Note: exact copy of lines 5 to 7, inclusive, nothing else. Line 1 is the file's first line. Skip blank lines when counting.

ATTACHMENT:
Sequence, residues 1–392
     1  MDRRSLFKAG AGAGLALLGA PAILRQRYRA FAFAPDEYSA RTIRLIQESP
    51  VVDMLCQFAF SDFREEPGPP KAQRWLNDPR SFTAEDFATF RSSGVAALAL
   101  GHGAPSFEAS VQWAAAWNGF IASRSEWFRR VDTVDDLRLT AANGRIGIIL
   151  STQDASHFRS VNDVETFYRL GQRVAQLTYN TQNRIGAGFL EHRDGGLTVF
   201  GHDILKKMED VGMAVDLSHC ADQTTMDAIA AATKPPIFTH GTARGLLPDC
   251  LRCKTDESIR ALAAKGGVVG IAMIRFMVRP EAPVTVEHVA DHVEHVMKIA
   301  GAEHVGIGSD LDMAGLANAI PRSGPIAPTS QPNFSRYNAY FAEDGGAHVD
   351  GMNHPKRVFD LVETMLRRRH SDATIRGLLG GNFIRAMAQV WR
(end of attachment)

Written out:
   151  STQDASHFRS VNDVETFYRL GQRVAQLTYN TQNRIGAGFL EHRDGGLTVF
   201  GHDILKKMED VGMAVDLSHC ADQTTMDAIA AATKPPIFTH GTARGLLPDC
   251  LRCKTDESIR ALAAKGGVVG IAMIRFMVRP EAPVTVEHVA DHVEHVMKIA